I get a lot of emails with recipes from blog subscriptions, magazines, etc... Some I delete, knowing they aren't my style. Most I archive to make later. Very few inspire me to make them ASAP; this recipe was one of those few. Shakshuka is a dish of Egyptian, Tunisian, Algerian, and Moroccan origin that consists of eggs poached in spiced tomato sauce.
This recipe, from Bessou restaurant in NYC (via Tasting Table), puts a Japanese spin on the dish. It was that fusion element that caught my eye. The tomato sauce is spiced with Japanese curry powder and cumin. Roasted kabocha squash is added, along with poached eggs. The original is topped with miso marinated tofu - I went for miso flavored labneh, instead. Lastly, it is sprinkled with pomegranate seeds, and served with toasted Japanese milk bread.
The tomato sauce is so fragrant and spicy (the original recipe uses harissa, too, but the curry powder was enough heat for me). It is counterbalanced by the sweet squash, tart pomegranate seeds, cool labneh, and creamy egg yolk. The squash and the pomegranate add varying texture, too, along with the crispy toast. And the miso adds this funky umami note that adds to the complexity. Dipping that perfectly crispy toast into the runny yolk and velvety tomato sauce is just so insanely satisfying.
This innocent looking container holds a magic ingredient that will take your food to the next level. What is it? Miso butter. Two ingredients - miso and butter - combine to make a perfect substance. So simple, but so good. You could just slap this on some toast and call it a day. But if you want to get a little more creative, I have a bunch of ideas for you.
First up - scallops seared in miso butter. That's it, it's that easy. I served these with my other miso obsession - miso creamed kale.
Next - broiled salmon topped with miso butter, served with miso butter glazed baby carrots and coconut-miso barley.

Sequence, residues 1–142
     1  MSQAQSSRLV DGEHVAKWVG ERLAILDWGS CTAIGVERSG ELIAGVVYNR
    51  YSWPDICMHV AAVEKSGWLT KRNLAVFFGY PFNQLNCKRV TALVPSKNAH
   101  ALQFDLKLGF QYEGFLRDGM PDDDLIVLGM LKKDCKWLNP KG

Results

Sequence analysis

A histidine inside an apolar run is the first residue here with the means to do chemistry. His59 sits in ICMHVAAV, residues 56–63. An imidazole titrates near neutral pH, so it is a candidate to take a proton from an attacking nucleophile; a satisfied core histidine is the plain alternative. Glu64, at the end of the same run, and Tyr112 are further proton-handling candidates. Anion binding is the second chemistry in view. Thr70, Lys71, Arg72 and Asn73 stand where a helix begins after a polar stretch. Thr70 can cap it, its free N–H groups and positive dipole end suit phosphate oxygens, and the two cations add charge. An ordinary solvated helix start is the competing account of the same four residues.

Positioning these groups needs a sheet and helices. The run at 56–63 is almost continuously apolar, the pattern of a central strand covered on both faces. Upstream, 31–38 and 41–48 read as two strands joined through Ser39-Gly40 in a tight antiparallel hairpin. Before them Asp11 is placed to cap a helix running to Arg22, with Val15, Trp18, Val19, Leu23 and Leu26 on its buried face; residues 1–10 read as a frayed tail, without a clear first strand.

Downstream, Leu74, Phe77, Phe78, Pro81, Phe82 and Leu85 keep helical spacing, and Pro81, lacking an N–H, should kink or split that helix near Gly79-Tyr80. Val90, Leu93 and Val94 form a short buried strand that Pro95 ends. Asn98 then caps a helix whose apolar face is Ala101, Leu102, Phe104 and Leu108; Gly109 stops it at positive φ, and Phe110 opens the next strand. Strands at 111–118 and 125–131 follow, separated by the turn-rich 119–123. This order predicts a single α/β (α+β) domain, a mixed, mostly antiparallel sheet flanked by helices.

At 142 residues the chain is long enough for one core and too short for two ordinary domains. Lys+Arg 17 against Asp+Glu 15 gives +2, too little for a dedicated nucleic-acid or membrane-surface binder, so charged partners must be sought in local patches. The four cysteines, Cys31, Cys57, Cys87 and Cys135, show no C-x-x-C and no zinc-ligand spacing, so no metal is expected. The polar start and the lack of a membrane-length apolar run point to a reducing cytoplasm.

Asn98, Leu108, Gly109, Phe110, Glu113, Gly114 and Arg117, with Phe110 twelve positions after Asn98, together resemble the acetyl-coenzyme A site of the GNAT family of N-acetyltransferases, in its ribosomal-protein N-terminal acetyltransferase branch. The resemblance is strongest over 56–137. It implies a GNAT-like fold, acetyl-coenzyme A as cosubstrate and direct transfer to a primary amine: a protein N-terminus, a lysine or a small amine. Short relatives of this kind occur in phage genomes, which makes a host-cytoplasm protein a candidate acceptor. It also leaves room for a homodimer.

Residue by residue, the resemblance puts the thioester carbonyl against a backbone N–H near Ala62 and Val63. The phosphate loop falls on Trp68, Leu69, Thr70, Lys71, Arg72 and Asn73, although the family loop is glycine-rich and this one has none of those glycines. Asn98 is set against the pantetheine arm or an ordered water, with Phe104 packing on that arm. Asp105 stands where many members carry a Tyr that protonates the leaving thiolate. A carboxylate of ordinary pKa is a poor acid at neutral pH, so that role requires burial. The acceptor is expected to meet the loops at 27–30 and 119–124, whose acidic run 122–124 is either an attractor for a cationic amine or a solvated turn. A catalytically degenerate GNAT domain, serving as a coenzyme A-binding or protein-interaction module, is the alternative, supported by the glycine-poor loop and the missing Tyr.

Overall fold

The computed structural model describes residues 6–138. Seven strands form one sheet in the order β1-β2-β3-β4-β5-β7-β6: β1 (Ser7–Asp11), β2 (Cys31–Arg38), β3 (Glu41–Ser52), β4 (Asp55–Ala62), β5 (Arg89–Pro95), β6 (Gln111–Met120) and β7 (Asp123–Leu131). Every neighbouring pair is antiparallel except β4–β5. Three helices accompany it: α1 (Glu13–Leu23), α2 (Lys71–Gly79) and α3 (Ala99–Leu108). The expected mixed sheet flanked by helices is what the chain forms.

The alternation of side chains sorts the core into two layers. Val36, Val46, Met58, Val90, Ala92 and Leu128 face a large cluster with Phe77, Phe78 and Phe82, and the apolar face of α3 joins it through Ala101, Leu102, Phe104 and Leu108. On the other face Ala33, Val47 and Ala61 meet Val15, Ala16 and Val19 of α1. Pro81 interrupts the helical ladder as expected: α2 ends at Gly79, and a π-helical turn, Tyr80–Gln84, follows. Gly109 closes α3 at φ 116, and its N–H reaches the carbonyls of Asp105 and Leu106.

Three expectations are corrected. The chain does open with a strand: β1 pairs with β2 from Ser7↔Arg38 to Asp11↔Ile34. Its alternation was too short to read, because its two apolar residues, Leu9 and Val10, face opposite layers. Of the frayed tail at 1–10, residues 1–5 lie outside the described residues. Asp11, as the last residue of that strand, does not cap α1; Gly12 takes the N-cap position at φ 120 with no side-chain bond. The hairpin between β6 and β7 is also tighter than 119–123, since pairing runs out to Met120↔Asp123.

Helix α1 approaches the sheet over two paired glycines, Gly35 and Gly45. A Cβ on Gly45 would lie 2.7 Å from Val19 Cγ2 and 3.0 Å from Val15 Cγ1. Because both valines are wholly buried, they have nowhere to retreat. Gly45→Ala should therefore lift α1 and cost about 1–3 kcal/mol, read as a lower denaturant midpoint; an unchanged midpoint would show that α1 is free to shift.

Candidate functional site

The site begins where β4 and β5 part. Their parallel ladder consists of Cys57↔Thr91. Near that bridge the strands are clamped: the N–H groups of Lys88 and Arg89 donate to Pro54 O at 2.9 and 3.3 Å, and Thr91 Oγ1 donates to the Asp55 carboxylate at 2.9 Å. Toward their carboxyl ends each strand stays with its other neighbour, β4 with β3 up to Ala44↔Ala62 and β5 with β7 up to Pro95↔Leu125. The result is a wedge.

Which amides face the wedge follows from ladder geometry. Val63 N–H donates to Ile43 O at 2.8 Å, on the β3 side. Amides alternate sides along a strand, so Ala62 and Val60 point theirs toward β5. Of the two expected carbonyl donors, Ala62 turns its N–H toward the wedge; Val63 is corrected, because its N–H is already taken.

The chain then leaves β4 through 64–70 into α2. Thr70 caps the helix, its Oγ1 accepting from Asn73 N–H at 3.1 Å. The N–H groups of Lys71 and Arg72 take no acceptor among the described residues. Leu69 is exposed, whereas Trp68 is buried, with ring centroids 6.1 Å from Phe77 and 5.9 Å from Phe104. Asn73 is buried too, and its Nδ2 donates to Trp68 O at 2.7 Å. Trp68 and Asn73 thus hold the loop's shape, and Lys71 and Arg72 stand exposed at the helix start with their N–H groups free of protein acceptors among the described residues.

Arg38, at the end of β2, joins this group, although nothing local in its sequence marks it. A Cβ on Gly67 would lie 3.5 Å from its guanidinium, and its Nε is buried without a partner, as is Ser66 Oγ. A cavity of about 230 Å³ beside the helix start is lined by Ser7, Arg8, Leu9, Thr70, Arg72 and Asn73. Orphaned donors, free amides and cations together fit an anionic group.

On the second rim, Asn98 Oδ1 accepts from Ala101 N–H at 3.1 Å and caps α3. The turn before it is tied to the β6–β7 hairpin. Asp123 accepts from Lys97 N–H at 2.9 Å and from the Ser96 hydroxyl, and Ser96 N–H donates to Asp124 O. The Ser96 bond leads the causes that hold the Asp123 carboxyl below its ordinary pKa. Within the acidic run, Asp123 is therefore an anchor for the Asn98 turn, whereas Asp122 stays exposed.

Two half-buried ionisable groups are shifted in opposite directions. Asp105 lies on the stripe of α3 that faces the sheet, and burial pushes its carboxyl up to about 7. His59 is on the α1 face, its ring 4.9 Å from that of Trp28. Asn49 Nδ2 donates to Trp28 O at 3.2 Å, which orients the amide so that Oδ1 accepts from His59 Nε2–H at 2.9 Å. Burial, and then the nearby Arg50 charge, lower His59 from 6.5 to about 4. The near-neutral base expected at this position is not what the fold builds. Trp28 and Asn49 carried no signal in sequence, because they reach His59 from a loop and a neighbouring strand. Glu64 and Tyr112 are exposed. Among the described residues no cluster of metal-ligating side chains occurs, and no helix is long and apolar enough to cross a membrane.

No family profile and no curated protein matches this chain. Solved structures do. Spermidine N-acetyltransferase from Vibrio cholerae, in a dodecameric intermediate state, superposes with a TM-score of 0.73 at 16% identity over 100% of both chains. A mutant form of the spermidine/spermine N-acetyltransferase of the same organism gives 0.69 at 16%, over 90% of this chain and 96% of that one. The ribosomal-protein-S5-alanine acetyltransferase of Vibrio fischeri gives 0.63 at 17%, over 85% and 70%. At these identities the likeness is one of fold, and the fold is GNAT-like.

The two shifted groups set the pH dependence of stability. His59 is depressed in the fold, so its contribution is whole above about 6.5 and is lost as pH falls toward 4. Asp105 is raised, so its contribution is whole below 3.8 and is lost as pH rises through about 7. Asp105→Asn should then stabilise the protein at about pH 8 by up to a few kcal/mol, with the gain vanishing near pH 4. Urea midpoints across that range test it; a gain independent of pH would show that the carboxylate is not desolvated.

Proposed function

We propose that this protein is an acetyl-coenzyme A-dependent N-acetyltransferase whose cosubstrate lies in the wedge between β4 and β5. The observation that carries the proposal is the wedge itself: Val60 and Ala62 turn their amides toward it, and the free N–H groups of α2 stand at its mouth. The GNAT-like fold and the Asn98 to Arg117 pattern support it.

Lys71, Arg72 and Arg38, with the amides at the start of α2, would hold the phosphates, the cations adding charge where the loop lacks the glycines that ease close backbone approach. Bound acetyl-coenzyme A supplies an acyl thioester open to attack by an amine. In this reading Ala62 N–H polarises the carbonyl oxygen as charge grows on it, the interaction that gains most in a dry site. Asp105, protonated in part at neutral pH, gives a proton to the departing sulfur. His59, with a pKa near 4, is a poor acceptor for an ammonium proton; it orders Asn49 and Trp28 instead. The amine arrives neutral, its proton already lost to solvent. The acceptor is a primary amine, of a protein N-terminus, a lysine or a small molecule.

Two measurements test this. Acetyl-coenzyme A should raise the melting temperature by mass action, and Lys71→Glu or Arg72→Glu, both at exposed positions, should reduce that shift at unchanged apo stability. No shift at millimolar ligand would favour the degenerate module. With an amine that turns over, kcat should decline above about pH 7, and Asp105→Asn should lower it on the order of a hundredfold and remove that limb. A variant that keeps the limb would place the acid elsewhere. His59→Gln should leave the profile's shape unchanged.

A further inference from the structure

Moving away from seafood for a bit, I made this coconut chicken recipe and replaced the regular butter with miso butter. It made it so much better than the original, which I was already a fan of. I also used cherry preserves in the sauce because that's what I had, but apricot or peach would work better. I made a side salad with romaine, sliced radishes, blanched green beans, and a carrot-ginger dressing to go with it.
Lastly, we have a stir-fry made with miso butter. Fast, easy, and delicious. The salmon was broiled with a store-bought red miso and yuzu glaze. I'd say it wasn't any better than the salmon topped with the miso butter.
Best of all? All these meals are healthy and low-carb. Most of them are grain-free! What would you do with your miso butter?
Oh my gosh, you guys, I am in kale heaven. Now I already like kale - raw in salads, in a Tuscan white bean soup, baked into crispy chips. But this, THIS, is the single most delicious way to eat kale ever.
Cooked down with garlic and shallots in butter, then finished with sherry, cream, and miso - swoon.
But we don't even stop there, oh no, we add buttery mushrooms with soy on top - oh my gaaaaaaaaaaawd.
I served it as a side with teriyaki salmon, which I'm not even going to talk about because the kale totally stole the show. If you like kale, go make this right now and rejoice. If you don't like kale, go make this right now and become a believer. And then invite me over, so that I can eat some too.
After a bit of a hiatus, Melissa (Smells Like Brownies) and I are getting back to our weekly vegetarian lunches. Last week we tried this amazing soup recipe packed with veggies. It is warm and comforting, with lots of flavor and texture - plus it's really easy to make. It's also both vegan and vegetarian friendly. And gosh, isn't it pretty?
The soup starts out with sliced squash (we used acorn) and tiny cubes of turnip simmered in water until tender. At first I thought that one small squash and one turnip wouldn't be enough, but they turned out to be plenty! So don't go overboard and think that you need to get more/bigger. The cooking water then becomes the base for the broth and miso, tahini, and lemon zest are added to round it out.
You can garnish the soup however you like, but we stuck with the original recipe and used avocado, chives, toasted nori, and toasted sesame seeds.
The soup can be served over a grain, and we choose to try out buckwheat. We are both avoiding white rice for health reasons and thought this grain-like seed would be fun to try. Unfortunately it cooks to a porridge like consistency instead of individual grains. So I would recommend barley or brown rice instead.
More salmon! I am always questing for tasty salmon recipes so that we will eat more of this super healthy fish (note that it is only super healthy when it is wild caught Pacific/Alaskan; farm raised Atlantic salmon is full of toxins). This recipe makes super tender, super moist salmon that is packed with sweet and salty flavors.